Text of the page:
classic hardware units that feature them.
In some respects, you could look at these circuit types as sophisticated tone controls (with
added distortion), as they all have a subtle, yet audible, effect on the sound. However, if
you're trying to specifically emulate classic compressors, you'll have to know a little bit more
about how the originals work. A brilliant reference document can be found at Universal
Audio's web site, in the shape of the UAD2 manual, but their whole site is a treasure trove of
information for those of us interested in classic compressors

Logic's Compressor has

a Circuit Type pulldown menu,
which is where you can start to
explore the different sounds
available to you.

Hardware compressors often have operational and electronic quirks, the latter of which
are difficult to emulate unless you resort to sophisticated modelling. However, Logic Pro's
Compressor will allow you to add the 'flavour' of many classic compressors and, in many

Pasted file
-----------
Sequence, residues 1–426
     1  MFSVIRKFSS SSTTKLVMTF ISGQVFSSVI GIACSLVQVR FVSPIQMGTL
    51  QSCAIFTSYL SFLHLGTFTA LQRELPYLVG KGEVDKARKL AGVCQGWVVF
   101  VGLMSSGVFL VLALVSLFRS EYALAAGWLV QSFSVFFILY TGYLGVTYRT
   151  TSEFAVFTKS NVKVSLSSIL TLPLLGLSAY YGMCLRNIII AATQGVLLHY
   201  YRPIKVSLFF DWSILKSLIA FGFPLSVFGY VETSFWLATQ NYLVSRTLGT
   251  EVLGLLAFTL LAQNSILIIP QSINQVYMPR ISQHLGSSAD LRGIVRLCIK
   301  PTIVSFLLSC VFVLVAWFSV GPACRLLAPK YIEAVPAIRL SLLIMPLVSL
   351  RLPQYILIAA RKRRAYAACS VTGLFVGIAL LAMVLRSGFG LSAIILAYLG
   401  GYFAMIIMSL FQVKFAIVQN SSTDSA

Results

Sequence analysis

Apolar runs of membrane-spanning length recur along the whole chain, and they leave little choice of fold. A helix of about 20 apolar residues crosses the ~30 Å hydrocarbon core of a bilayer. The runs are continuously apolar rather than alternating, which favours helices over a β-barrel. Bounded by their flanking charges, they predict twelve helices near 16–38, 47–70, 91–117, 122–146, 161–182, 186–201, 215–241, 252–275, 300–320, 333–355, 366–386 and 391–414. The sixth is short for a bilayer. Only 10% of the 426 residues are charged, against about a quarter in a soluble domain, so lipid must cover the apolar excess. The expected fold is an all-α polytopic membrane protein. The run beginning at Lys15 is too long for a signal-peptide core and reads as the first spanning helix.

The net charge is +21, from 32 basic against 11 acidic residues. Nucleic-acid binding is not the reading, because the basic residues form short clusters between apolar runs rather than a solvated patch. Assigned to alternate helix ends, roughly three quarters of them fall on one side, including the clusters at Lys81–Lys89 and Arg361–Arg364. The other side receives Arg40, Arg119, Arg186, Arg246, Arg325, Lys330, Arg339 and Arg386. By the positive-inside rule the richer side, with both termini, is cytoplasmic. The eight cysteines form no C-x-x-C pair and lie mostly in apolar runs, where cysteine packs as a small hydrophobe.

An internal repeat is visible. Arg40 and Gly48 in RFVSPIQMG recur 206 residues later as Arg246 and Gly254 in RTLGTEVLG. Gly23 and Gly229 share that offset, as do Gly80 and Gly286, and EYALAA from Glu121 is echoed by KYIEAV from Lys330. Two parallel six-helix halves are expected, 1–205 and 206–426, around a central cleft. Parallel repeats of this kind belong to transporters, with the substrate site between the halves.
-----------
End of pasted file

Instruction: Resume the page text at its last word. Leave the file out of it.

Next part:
cases, the flexibility afforded by the extra parameters will allow you to better fit the compression characteristics to your audio.

Teletronix LA2A
The hardware unit is an opticalbased compressor with valve electronics, so if you want to try to emulate it, the first thing to do
is to select Opto from the Circuit Type menu. Clicking on the little arrow at the bottom of the Compressor plugin window
reveals several extra controls. If you choose 'Soft' as the Output distortion type, you can simulate a little of the tube distortion
effect of the LA2A, though you may prefer to add it via a dedicated distortion or tube emulation plugin inserted on the channel
strip before (and, perhaps, after) the Compressor, to emulate input and output distortion.
The LA2A only has a few physical controls, but the 'traditional' compressor parameters are there, albeit often at a fixed or
limited range of values, and these are partly what give the hardware device its distinctiveness. The compression ratio is
ostensibly fixed at 4:1, but fluctuates depending on the frequency of the incoming signal. To emulate this, you'd want to
experiment with the ratio depending on the input signal type, but don't drift too far from 4:1. The LA 2A has a softknee
characteristic, so set the Knee parameter to 0.9 or greater. This reduces the rate at which the compression effect kicks in at